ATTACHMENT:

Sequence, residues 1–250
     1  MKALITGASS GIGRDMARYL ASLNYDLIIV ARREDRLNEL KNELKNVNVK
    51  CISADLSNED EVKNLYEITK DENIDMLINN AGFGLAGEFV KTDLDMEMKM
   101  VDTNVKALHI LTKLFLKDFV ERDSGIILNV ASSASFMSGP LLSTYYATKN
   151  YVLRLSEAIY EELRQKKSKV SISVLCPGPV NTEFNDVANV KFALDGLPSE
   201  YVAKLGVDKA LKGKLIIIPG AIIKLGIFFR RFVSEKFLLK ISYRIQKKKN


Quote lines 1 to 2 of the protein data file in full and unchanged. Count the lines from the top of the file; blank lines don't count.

Sequence, residues 1–250
     1  MKALITGASS GIGRDMARYL ASLNYDLIIV ARREDRLNEL KNELKNVNVK